11 April 2013

A Long Time In Coming... Part 2

In the intervening years since the chimney fire, (read part one of the story here), our little cottage has seen many changes and improvements. The initial construction was done when we were novice builders and there were some things we decided to do over, due to mistakes made by inexperience. We also had to use salvage goods for building materials, since there were limited supplies for a good while after the hurricane, so we replaced our salvage yard doors and floor coverings as time and money allowed.

The total time elapsed on completion of the house after the hurricane was about 6 years. During those years we lived our lives around the construction projects going on inside. We split our time between indoor construction projects, and establishing gardens and outbuildings to house our growing menagerie of barnyard animals.
A roof top view of one of our early garden configurations. The espaliered fruit trees and our two "sentinal" plum trees were just a few years old. The potting shed was later torn down to make more room for blueberry bushes.

The kids helped to finish their rooms, doing whatever task was appropriate to their age. Driving nails, spackling sheet rock, sanding and painting, were some of the things that they did. Our oldest son, who was 9 or 10 at the time, wanted to place a time capsule in the space above his door frame, so in the future if the walls ever came down again, there would be a history of the boy whose room it was. Before we closed the walls in with sheet rock, he placed his time capsule in the wall and signed the wooden header above the door with his signature and the date. The youngest also "signed" his wall frame before the sheet rock went up, although his signature was that of a 3 year old so it wasn't really legible. I think the experience of living as we had to live for those years, gave my children exposure to a number of useful skills and experiences that added significantly to their lives as adults.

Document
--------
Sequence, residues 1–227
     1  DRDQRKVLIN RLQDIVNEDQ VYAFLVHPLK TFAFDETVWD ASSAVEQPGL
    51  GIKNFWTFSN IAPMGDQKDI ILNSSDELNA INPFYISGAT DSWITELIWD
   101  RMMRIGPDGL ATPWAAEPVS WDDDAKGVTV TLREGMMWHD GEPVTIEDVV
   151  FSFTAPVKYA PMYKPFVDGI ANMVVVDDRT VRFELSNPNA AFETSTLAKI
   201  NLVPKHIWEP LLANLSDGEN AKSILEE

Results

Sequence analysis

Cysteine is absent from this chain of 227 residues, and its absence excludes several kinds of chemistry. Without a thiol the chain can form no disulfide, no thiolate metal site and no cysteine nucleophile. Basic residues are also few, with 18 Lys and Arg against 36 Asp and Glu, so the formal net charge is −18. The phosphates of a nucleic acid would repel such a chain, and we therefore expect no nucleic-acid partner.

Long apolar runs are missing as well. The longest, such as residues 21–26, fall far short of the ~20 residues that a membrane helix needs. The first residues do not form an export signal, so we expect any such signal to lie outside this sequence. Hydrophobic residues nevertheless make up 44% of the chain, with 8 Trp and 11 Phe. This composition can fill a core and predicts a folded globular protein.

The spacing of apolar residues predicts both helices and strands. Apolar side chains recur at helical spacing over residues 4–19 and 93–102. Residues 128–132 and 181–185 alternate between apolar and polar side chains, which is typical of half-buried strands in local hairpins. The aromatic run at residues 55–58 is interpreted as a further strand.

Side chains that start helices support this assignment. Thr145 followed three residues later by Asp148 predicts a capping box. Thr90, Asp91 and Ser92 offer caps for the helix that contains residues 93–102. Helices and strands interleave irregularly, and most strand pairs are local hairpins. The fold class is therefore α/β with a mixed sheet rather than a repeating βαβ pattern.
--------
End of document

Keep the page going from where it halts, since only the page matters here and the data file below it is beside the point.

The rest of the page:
Our house has been a work in process for 24 years, we have raised our children, home schooled two very different children, supporting their interests by allowing them to develop parts of the yard for their own use. N. our oldest, was very interested in creating bonsai. He had several beautiful specimens that he created and more that he collected from other places. He selected the east side of the house to have a showcase garden for his bonsai. He and his dad designed and built display tables for his bonsai and collection of Ping Mountain rocks that he used as foils for his trees. It was a lovely addition to the yard and gave us much pleasure.
Our oldest son with a couple of his bonsai trees. Circa 1996
N. training his root over rock Ficus Benjamina

 Our youngest child, E.M., was interested in animals and wanted to raise chickens. He and his dad built his first chicken coop when he was 6 years old. His first flock was a bantam rooster and  5 hens. As the years went by we added other chicken coops, then we added a rabbit house and later two barns for our herd of dairy goats and their progeny. He raised chickens and sold eggs and supplied eggs to our table,  sold rabbits to 4-H members as show animals, and the dairy goats gave us an ample supply of goats milk for cheese and to drink.  The grounds around our house were developed to support his interests and we enjoyed the life that the animals brought to the homestead and the wholesome, beautiful food that came to the table.

The first small coop that 6 year old E.M and his dad built to house his prized bantam Rooster "Bad Boy" and his 5 hens. The bantam eggs make wonderful omelets!

E.M. planting flowers around the rabbit cage in his "Bunny Garden"  Circa 1996